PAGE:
Buying The Freehold: Planned Reform Of Leasehold Enfranchisement
Residential leasehold property has been in the news for some time primarily because of:
Last December the independent Law Commission announced a review of residential leasehold law. Now it has published its initial findings…
They include potentially radical reforms that could have significant implications for people who have bought leasehold houses in England and Wales.
And while the proposals would not affect leasehold flats, they give a clear indication of the government’s possible future thinking in respect of leasehold blocks.
Residential Leasehold Reforms Suggested By The Law Commission
The Law Commission suggests making it easier for leasehold homeowners to buy the freehold of their property by:
- changing the formula used to calculate the fair price payable to a freeholder for a freehold purchase by a leaseholder – it would simplify calculations and reduce the premium payable by the leaseholder (while still remaining sufficient to compensate freeholders)
- removing the condition that a leaseholder must have owned their property for a minimum of two years before being able to buy the freehold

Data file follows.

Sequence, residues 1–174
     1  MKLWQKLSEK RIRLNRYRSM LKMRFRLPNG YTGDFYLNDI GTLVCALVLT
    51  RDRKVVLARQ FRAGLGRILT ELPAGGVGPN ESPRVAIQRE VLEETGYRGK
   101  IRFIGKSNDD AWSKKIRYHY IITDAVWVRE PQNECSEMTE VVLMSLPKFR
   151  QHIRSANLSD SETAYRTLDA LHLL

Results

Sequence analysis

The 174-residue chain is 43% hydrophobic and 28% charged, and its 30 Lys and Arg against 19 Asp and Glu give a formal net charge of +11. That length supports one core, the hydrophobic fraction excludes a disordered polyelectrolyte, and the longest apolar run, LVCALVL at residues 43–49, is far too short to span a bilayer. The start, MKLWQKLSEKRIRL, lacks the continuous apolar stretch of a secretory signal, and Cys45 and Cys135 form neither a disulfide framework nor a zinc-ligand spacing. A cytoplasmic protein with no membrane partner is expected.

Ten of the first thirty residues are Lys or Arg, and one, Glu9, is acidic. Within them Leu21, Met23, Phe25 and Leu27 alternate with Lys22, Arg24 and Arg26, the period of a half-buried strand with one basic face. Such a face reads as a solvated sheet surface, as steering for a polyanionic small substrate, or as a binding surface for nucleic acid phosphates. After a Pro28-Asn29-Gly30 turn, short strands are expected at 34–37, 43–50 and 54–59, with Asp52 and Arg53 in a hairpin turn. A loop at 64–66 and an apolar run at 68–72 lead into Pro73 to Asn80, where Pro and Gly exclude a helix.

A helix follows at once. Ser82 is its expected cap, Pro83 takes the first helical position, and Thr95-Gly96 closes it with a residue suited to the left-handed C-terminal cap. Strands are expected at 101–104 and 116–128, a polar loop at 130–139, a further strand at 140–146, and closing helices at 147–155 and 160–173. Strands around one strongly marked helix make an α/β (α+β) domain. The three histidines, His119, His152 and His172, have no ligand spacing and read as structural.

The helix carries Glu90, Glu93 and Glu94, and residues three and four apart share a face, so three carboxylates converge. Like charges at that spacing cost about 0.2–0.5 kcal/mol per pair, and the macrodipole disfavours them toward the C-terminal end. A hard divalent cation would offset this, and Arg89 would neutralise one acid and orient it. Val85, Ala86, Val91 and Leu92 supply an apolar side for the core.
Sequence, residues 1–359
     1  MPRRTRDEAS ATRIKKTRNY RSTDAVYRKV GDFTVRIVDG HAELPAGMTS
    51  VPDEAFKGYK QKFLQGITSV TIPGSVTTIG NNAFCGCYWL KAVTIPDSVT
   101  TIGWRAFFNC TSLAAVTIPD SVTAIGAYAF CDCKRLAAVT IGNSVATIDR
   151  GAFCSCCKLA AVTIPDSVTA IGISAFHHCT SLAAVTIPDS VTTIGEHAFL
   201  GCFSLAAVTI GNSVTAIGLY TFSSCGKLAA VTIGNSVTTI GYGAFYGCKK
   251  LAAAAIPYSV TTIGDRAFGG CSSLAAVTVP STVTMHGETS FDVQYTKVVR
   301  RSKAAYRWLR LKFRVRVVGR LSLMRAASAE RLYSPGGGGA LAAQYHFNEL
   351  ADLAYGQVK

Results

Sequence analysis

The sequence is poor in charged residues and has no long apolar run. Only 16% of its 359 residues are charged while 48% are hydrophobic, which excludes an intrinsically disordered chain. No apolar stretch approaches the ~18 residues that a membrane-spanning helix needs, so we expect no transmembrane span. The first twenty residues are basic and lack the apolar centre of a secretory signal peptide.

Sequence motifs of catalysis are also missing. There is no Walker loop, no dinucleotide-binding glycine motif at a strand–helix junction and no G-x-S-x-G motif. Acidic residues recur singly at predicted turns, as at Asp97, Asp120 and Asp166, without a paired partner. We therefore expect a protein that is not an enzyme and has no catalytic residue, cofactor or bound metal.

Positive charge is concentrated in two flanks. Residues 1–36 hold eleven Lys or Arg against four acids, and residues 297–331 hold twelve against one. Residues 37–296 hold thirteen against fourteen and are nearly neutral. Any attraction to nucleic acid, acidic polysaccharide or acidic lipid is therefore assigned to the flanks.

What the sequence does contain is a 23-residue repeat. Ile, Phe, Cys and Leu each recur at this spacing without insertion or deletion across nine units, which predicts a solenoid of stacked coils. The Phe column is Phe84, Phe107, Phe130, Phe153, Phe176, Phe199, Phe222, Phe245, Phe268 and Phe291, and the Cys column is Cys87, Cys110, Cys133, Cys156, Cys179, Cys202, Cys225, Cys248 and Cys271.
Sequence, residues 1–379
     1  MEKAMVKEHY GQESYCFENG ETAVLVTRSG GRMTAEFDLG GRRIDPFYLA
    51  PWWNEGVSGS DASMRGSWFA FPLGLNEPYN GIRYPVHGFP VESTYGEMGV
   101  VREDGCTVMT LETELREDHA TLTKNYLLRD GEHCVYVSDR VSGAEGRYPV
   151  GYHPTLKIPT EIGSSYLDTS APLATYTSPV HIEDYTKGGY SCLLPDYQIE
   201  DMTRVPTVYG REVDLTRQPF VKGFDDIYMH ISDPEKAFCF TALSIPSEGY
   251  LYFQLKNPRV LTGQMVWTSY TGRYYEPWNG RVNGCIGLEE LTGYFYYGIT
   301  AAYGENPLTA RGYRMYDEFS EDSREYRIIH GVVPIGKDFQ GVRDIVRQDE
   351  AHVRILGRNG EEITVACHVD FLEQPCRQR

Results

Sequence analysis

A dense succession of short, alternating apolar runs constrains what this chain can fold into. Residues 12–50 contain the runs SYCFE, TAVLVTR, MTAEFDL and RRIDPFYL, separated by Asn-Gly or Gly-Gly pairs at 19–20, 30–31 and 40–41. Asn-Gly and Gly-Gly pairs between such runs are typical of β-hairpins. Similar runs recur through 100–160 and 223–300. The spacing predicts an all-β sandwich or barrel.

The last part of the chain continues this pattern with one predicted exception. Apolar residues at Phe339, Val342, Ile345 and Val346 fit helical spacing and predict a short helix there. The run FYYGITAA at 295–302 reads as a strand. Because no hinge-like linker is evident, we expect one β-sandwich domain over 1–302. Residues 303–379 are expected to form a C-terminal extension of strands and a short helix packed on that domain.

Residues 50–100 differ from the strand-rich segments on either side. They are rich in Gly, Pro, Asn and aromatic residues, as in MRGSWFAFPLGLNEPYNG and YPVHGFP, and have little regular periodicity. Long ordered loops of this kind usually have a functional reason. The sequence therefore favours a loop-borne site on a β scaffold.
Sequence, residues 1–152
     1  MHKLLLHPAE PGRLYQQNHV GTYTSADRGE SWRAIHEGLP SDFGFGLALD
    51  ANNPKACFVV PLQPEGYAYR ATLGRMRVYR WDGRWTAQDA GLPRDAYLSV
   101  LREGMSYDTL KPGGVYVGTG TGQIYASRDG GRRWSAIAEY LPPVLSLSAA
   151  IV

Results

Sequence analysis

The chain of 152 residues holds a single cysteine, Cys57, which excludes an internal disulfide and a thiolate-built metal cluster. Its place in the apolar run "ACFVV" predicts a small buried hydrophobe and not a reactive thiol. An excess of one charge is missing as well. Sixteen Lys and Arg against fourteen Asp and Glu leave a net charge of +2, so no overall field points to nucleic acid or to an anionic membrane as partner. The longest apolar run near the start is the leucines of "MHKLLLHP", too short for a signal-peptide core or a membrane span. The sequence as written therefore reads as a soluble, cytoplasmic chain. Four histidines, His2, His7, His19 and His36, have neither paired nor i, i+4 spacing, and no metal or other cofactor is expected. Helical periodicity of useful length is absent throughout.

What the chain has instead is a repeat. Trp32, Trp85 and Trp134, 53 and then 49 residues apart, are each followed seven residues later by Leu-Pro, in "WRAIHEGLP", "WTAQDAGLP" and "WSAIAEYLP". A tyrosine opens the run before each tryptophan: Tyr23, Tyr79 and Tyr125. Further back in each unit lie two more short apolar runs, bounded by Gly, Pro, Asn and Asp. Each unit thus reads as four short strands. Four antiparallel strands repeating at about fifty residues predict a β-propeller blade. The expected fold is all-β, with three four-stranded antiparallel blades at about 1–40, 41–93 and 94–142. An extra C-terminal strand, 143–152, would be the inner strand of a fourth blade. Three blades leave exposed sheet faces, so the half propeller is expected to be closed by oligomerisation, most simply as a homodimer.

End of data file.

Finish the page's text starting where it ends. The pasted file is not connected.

- allowing leasehold house owners on an estate to buy the freehold of the estate as a whole
- giving leaseholders the option to buy unlimited longer lease extensions (without a ground rent) of 125 or 250 years
- making the enfranchisement procedure simpler to stop leaseholders from falling into ‘legal traps’
- scrapping the requirement for leaseholders to pay their landlord’s reasonable legal and valuation costs (or capping the contribution).
It is not yet known how many of these suggested reforms will make it into law. But we should have a clearer idea when full consultation occurs in September 2018.
In the meantime, this will be welcome news to leasehold house owners – of which there are an estimated 1.4 million in England alone.
Get Expert Legal Advice On Residential Leasehold Property
Extending your lease or buying the freehold? Want to change the management company at your block? Worried about service charges?
Contact residential leasehold solicitor Nick Leedham for expert legal advice.